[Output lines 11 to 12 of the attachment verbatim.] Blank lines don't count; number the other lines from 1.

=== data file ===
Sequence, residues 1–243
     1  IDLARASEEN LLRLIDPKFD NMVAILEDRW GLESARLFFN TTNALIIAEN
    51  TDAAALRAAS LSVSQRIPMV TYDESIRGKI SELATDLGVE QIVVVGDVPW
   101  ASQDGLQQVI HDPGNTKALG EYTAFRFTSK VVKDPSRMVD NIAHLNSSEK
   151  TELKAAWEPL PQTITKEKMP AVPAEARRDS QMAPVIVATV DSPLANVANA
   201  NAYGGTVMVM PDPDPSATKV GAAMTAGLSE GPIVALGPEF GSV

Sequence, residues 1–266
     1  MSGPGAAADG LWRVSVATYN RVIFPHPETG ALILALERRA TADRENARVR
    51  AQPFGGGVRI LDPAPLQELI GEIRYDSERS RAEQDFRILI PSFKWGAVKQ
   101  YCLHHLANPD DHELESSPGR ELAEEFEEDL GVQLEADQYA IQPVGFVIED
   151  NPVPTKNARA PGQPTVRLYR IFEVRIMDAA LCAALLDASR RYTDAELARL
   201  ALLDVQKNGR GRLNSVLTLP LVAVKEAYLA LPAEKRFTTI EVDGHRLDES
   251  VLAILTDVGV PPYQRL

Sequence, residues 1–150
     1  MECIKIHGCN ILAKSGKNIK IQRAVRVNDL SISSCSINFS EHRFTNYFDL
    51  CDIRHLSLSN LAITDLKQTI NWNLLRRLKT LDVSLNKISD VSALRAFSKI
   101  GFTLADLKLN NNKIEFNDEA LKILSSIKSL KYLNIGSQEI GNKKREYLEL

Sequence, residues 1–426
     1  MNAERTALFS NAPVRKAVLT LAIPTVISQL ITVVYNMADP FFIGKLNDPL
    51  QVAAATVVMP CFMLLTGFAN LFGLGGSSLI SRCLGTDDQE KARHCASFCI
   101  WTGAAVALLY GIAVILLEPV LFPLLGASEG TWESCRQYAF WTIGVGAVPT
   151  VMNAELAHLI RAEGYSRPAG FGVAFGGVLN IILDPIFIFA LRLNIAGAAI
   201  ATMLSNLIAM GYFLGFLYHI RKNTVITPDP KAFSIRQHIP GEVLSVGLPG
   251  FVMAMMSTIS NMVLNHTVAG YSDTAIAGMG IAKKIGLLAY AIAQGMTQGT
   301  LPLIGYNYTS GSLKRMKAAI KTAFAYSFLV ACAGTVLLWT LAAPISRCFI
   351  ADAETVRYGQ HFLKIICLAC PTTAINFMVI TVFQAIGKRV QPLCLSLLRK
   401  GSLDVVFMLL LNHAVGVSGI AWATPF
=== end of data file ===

   151  NPVPTKNARA PGQPTVRLYR IFEVRIMDAA LCAALLDASR RYTDAELARL
   201  ALLDVQKNGR GRLNSVLTLP LVAVKEAYLA LPAEKRFTTI EVDGHRLDES